The adoption of the ELCA Social Statement on Abortion did not settle the matter in either church or society. The battle still rages. Indeed, despite the passage of our social statement, an ELCA physician who provided legal abortions, was murdered while ushering in his own church in Kansas. Since 1991, medical science has continued to advance, with diagnostics, with contraceptive options, and with life support for pre-term infants. And the political scene has certainly been active as well. Since Roe v. Wade in 1970, state legislatures and political campaigns have been filled with issues of parental consent, universal health care, clinic requirements, spousal/partner consent, foreign aid and contraceptive restrictions, and waiting periods. The recent Supreme Court decision is a reminder that the issues are still alive.
Our 1991 statement takes a middle ground. It neither advocates for the elimination of all abortions, nor advocates for the elimination of all restrictions. Rather, it affirms the sanctity of life, acknowledges human brokenness and the need for difficult choices, encourages societal care for pregnant women and their children, and warns about unequal access to care.
Lutherans clearly support an ethic of life. But it is nuanced. On the one hand: “The strong Christian presumption is to preserve and protect life.” This ethic is re-enforced in the social statement on the death penalty. The Abortion statement continues: “Abortion ought to be an option only of last resort. Therefore as a church we seek to reduce the need to turn to abortion as the answer to unintended pregnancies.” Our position does not privilege the potential life of the fetus above all other lives.
The statement spends several paragraphs discussing how the church might support women and girls with unwelcome pregnancies. Adoption ranks high as a 1991 option. The statement advocates for hospitality, including the welcoming of women and children, foster care and adoption. It also affirms marriage and shared parenthood. And it suggests that congregations should be involved in sex education. Several topics in this section, “III. THE CHURCH AS COMMUNITY SUPPORTIVE OF LIFE,” are addressed more thoroughly in subsequent ELCA social statements (“Human Sexuality: Gift and Trust” and “Genetics”) and social messages (“Gender-Based Violence”)
In the section, “IV. GUIDANCE IN MAKING DECISIONS REGARDING UNINTENDED PREGNANCIES,” the statement calls for compassion and for respectful and competent counseling. Concerning the decision for abortion the statement declares: “ We recognize that conscientious decisions need to be made in relation to difficult circumstances that very greatly. What is determined to be a morally responsible decision in one situation may not be in another.” It goes on: “Our biblical and confessional commitments provide the basis for us to continue. deliberating together on moral issues related to these decisions.”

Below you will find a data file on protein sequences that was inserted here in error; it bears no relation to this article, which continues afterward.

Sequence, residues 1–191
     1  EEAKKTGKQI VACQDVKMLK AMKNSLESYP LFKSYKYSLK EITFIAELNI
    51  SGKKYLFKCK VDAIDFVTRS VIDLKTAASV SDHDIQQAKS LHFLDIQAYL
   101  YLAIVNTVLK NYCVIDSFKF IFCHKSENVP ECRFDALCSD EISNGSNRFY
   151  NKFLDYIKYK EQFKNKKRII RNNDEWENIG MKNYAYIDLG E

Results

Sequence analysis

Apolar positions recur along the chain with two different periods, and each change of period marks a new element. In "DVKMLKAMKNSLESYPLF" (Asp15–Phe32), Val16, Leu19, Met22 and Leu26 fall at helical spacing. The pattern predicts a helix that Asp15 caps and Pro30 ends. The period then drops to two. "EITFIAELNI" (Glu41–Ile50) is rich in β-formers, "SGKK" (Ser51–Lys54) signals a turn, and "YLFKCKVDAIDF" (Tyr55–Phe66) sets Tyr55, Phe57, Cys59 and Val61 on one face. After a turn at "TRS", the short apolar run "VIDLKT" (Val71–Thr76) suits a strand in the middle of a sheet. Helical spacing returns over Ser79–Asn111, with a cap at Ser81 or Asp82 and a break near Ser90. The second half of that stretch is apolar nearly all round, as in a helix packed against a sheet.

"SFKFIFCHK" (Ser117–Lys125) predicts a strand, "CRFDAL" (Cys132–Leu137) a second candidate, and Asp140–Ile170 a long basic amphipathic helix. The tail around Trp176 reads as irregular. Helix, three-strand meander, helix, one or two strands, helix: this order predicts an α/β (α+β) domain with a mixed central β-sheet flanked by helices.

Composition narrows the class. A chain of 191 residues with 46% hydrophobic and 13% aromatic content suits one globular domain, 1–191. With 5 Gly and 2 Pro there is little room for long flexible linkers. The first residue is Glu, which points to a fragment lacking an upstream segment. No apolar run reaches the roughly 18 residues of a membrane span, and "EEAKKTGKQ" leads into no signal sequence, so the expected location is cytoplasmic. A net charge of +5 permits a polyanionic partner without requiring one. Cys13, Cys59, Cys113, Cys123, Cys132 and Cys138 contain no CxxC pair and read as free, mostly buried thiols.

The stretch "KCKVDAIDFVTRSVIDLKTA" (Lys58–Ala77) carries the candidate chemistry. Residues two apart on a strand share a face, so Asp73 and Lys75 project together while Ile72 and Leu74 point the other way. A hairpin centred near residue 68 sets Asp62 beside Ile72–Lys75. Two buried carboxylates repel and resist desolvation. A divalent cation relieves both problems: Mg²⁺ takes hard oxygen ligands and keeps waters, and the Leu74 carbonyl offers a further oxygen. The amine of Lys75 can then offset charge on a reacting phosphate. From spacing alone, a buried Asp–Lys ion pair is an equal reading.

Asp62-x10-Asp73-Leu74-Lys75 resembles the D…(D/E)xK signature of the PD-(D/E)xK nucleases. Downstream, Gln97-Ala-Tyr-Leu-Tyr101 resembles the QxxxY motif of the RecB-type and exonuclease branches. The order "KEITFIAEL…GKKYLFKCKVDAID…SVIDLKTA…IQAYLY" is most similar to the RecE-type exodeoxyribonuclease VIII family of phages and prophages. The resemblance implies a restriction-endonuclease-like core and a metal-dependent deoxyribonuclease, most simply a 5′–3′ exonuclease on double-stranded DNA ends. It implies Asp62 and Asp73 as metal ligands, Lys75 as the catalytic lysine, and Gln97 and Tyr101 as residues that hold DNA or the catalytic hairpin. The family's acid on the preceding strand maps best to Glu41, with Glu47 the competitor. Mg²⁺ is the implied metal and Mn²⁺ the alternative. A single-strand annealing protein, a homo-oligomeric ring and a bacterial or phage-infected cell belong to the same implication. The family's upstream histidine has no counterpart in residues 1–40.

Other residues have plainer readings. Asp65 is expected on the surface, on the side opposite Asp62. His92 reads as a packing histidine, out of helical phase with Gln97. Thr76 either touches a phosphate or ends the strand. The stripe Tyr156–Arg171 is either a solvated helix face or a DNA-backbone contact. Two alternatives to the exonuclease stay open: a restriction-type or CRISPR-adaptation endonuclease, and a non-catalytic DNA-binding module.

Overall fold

In the section, “PUBLIC POLICY ISSUES RELATED TO ABORTION,” the statement offers:
“Because of our conviction that both the life of the woman and the life in her womb must be respected by law, this church opposes:
-the total lack of regulation of abortion
-legislation that would outlaw abortion in all circumstances
-laws that prevent access to information about all options available to women faced with unintended pregnancies
-laws that deny access to safe and affordable services for morally justifiable abortions
-mandatory or coerced abortion or sterilization
-laws that prevent couples from practicing contraception
-laws that are primarily intended to harass those contemplating or deciding for an abortion
Church and society continue to debate abortion. The 1991 ELCA Social Statement was not intended to stop debate. It was intended to help Lutherans navigate the debate, by providing background theological resources as well as contemporary discussion. And it was intended as a guide for our participation in public policy. An addendum reminds us:
“Social teaching statements provide an analysis and interpretation of an issue, set forth basic theological and ethical perspectives related to it, and offer guidance for the corporate ELCA and its individual members. They also illustrate the implications of their teaching for the social practice of this church. In their use as teaching documents, their authority is persuasive not coercive.”
To see the Social Statement, go to www.elca.org/socialstatements.
Jessica Crist, Bishop